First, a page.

The platinum is typically deposited to a thickness of around 400 A by evaporation or sputtering. The semiconductor wafer is then sintered at around 550 platinum to react with the silicon to form platinum silicide 9. The unreacted platinum is then removed by etching in aqua regia. The platinum silicide is protected by a very thin layer which includes silicon dioxide during the process. This layer will be discussed in more detail in succeeding sections of this specification.
As is well known, other metals such as palladium, nickel or hafnium are substitutes for platinum in forming a metallic silicide layer.
In the next step of the process, layers 22 of chrome and layer 24 of aluminum or copper-doped aluminum or copper-doped aluminum-silicon are next deposited, preferably within the same evaporation chamber.
The chrome is deposited to a preferred thickness of between 600 A and 1,000 A. Water vapor is bled into the chamber during the evaporation so that a mixture of Cr and Cr.sub.2 O.sub.3 is formed, rather than pure chromium. The aluminum, which is meant to include copper-doped aluminum, as well as copper-doped aluminum-silicon, is advantageously deposited to a thickness of 8,500 to 10,000 A. The resultant intermediate structure thereby achieved is illustrated in FIG. 1. In the typical integrated circuit chip process, at least one other level of metallization, and possibly two, are formed to interconnect the many hundreds of circuits formed on the same semiconductor chip.
The deposition of the metallurgy system comprising chrome 22 and aluminum 24 is most advantageously done using the process described in U.S. Pat. No. 4,004,044, which issued in the names of Franco et al and which is assigned to the same assignee as the present application. Alternate techniques for forming the metallurgy are standard wet or reactive ion (plasma) subtractive etching processes which are well known to those of skill in the art. However, the lift-off technique is capable of providing superior definition of metallurgy, thereby minimizing the area required for wiring. In any event, these processes for forming the metallization comprise no part of my invention. In fact, my invention is in no way dependent on the composition of metal layers 22 and 24. Other acceptable metallurgical systems known to those skilled in the semiconductor art could also be used.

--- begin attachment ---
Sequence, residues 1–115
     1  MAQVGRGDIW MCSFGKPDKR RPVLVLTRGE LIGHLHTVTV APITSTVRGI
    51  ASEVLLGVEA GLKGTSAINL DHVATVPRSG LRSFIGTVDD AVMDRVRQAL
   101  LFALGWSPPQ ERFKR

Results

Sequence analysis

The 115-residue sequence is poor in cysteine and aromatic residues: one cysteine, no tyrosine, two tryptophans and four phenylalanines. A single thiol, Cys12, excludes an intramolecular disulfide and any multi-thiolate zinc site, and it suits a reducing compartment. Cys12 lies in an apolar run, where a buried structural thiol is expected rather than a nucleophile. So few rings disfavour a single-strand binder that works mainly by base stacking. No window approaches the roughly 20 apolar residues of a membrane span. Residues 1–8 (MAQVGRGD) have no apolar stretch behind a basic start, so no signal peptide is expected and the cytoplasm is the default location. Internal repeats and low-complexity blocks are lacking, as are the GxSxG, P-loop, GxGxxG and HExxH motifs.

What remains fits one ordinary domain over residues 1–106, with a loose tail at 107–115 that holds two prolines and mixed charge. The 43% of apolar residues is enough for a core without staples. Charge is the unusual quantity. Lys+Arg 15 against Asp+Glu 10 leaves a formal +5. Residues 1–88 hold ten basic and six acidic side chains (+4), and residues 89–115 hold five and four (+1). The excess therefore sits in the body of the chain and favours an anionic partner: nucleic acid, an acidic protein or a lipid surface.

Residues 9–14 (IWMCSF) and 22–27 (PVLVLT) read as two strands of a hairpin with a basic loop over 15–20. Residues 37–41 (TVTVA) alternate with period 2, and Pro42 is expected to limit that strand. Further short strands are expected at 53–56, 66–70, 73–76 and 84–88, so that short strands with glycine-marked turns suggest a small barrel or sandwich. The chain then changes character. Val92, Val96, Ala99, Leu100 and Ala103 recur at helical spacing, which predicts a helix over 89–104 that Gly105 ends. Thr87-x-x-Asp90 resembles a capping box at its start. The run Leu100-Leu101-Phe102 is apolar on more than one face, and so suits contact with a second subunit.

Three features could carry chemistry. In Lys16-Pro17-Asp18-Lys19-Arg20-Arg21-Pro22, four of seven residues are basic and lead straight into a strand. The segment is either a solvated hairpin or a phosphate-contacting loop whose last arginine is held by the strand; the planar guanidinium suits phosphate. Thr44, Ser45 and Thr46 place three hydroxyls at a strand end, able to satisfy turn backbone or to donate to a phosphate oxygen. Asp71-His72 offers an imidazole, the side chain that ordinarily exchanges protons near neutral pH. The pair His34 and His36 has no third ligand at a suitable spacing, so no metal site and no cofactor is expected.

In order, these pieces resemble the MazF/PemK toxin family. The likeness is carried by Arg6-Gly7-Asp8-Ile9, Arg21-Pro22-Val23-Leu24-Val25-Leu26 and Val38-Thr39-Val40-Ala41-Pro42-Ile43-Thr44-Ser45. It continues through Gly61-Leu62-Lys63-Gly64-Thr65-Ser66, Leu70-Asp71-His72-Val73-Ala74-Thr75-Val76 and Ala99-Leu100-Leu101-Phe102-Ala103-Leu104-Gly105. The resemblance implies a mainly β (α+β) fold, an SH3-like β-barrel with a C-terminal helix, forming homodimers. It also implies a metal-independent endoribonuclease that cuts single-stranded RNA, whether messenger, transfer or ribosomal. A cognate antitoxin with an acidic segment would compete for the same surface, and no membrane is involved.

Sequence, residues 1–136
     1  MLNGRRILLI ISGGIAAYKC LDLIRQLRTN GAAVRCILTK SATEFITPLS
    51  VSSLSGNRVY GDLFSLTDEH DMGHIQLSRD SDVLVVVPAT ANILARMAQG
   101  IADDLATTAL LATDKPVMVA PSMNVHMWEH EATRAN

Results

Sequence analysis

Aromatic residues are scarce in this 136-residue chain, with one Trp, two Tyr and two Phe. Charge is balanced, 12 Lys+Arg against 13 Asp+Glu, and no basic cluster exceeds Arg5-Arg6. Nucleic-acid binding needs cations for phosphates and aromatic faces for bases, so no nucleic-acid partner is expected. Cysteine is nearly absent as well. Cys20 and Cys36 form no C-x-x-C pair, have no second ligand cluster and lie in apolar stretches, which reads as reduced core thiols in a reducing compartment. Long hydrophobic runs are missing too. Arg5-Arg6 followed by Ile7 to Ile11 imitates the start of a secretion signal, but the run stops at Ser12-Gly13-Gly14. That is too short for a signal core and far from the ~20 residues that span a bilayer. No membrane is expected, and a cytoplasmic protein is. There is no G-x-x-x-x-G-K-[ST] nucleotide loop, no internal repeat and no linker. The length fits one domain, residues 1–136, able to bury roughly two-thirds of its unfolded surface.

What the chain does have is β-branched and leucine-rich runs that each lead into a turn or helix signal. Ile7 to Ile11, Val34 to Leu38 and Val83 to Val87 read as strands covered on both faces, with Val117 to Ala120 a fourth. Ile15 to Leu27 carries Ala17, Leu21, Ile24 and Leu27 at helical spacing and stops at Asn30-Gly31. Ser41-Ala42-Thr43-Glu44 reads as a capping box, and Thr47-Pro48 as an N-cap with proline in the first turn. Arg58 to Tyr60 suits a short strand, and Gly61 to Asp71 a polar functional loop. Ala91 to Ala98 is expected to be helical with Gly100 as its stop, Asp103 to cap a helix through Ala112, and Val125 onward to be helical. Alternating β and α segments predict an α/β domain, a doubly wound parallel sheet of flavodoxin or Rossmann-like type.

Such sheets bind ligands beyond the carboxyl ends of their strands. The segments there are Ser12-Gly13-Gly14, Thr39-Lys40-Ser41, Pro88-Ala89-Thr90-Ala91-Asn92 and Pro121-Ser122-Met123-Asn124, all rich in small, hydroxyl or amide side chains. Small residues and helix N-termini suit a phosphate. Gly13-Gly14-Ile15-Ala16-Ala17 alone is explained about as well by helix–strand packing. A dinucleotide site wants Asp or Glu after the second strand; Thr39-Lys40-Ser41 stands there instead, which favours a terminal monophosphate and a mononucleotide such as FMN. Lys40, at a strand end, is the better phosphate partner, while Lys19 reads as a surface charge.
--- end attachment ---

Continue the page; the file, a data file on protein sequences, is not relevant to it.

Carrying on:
Turning now to FIGS. 2A-2C, the failure mechanism previously alluded to is illustrated with regard to emitter area of the transistor. The processing stage illustrated is after the excess platinum has been removed by aqua regia etchant; the protection for the PtSi is a thin layer, around 30 A, of SiO.sub.2 11. As previously noted, the aqua regia may also attack localized regions of the platinum silicide to expose the silicon. In the present example, the areas 18 beneath the undercut of silicon nitride layer 12 are exposed to the etchant, and a portion of platinum silicide 9 itself has a pinhole at region 19.
The precise chemical composition of layer 11 is not known, because an analysis of a 30 A layer is very difficult. It is most likely SiO.sub.2, although its composition may be more complex.
In the next step of the fabrication process, the thin SiO.sub.2 layer 11 is removed from atop the PtSi lest it act as a high resistivity component of the contact metallurgy. Traditionally, the SiO.sub.2 layer 11 is removed using buffered HF solution. One typical mixture is made up from 15 parts NH.sub.4 F solution, which contains 60 percent H.sub.2 O, and 1 part HF solution and 4 parts H.sub.2 O.
However, as can be seen in FIG. 2B, the HF attacks the exposed N+ silicon. In practice, the standard buffered HF solution removes around 0.7 micron of N+ doped silicon in 50 seconds of etching time. To my knowledge this problem has not been recognized by anyone in the semiconductor processing art. Based on my experiments, the erosion of the N+ regions at areas 18' and 19' is most likely due to an electrochemical reaction between the silicon 7 and platinum silicide layer 9. This is evidenced by the fact that a potential of around 0.25 volts is measured between the PtSi and an N+ silicon region when immersed in buffered HF.